Jesus tells his disciples that he must go to Jerusalem to die and then to rise again. Then he tells them that every disciple of his must also deny himself, take up his cross and lose his life. Then he says that some of them would not die until the Kingdom of God had come. Then he takes Peter, James, and John with him up Mount Tabor, and appears in great glory with Moses and Elijah. The three disciples are dazzled, Peter wants to erect booths (tents? tabernacles?) for the three glorious figures, a cloud overshadows them, and they hear God say "This is my beloved Son; listen to him.". After that, Jesus alone is to be seen, back to his normal state. On the way back down, Jesus orders the three disciples not to talk about this event until he has died and risen. Once down from the mountain, Jesus casts out a demon which the other disciples had tried to expel but couldn't.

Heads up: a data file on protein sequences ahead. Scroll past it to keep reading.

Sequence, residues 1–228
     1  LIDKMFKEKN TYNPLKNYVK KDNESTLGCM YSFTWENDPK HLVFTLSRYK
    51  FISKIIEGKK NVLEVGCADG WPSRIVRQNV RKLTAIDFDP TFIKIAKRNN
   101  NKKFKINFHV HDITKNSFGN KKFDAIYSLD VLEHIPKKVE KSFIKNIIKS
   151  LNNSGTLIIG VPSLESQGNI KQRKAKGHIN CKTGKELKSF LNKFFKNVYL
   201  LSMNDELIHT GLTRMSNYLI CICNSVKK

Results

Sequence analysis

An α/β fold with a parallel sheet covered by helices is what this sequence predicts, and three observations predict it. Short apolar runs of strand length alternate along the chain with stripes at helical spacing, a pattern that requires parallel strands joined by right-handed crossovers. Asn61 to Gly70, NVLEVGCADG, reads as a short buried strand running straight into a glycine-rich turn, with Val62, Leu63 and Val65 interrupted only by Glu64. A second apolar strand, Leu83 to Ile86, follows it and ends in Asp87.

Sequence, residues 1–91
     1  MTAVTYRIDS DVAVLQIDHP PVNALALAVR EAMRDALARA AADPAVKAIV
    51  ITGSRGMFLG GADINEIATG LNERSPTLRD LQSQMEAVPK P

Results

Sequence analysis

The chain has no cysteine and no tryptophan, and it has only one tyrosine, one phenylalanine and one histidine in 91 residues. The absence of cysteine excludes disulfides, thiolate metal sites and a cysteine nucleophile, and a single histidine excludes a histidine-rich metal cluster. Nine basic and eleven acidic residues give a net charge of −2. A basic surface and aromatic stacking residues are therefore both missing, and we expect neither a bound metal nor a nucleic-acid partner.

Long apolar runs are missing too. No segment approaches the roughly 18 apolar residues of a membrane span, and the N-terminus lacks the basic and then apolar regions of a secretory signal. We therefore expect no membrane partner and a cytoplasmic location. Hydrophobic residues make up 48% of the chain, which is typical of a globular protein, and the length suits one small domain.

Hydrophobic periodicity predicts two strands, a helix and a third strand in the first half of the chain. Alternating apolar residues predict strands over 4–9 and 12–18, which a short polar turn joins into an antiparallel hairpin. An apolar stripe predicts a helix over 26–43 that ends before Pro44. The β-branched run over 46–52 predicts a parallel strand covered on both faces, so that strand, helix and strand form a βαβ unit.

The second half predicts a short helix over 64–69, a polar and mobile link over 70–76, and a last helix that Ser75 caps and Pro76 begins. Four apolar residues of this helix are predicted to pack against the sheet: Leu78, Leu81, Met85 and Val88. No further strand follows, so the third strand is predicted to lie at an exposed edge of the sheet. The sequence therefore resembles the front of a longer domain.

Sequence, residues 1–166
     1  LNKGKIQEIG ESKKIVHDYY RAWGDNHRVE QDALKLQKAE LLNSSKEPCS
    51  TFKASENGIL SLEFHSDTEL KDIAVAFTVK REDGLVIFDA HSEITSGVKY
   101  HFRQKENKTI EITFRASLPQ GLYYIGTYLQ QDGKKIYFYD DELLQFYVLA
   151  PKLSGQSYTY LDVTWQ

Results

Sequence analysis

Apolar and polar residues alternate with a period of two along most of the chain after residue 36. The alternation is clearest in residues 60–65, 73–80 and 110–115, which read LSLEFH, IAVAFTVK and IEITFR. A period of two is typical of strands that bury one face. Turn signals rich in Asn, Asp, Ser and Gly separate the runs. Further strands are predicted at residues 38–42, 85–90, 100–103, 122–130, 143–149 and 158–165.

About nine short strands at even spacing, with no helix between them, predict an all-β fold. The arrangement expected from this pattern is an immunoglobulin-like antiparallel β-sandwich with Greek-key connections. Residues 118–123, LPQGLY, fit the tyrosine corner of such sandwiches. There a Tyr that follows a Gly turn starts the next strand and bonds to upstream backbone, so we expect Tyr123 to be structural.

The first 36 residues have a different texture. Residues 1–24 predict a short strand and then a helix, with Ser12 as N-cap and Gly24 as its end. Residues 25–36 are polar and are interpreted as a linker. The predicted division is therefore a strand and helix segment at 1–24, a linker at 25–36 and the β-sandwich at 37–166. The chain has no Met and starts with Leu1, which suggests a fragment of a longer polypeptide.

It seems significant that the surrounding details are consistent in all three accounts. It would seem that the transfiguration, that foretaste of resurrected and heavenly glory, is inextricably tied to self-denial and to the cross. This is true not only for Jesus, but for us as well. The flip side is that, in the midst of our crosses and of our desert times, we can take heart and derive strength from the promise of victorious resurrection life. The cross and the resurrection are two sides of a single redemption coin. Our battle against sin and against Satan will be futile outside of this reality.